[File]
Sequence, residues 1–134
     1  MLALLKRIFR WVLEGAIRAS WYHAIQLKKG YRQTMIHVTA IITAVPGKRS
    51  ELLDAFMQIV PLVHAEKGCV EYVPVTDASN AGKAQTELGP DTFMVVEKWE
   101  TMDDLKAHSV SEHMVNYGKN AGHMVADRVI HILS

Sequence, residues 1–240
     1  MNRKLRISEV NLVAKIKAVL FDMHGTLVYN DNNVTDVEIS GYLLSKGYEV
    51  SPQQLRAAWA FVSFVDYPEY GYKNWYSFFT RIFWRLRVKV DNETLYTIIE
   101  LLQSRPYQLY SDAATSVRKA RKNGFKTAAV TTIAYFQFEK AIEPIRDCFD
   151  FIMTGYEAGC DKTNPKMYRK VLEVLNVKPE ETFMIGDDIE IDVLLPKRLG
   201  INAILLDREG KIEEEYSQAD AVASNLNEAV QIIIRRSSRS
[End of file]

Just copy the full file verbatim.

Sequence, residues 1–134
     1  MLALLKRIFR WVLEGAIRAS WYHAIQLKKG YRQTMIHVTA IITAVPGKRS
    51  ELLDAFMQIV PLVHAEKGCV EYVPVTDASN AGKAQTELGP DTFMVVEKWE
   101  TMDDLKAHSV SEHMVNYGKN AGHMVADRVI HILS

Sequence, residues 1–240
     1  MNRKLRISEV NLVAKIKAVL FDMHGTLVYN DNNVTDVEIS GYLLSKGYEV
    51  SPQQLRAAWA FVSFVDYPEY GYKNWYSFFT RIFWRLRVKV DNETLYTIIE
   101  LLQSRPYQLY SDAATSVRKA RKNGFKTAAV TTIAYFQFEK AIEPIRDCFD
   151  FIMTGYEAGC DKTNPKMYRK VLEVLNVKPE ETFMIGDDIE IDVLLPKRLG
   201  INAILLDREG KIEEEYSQAD AVASNLNEAV QIIIRRSSRS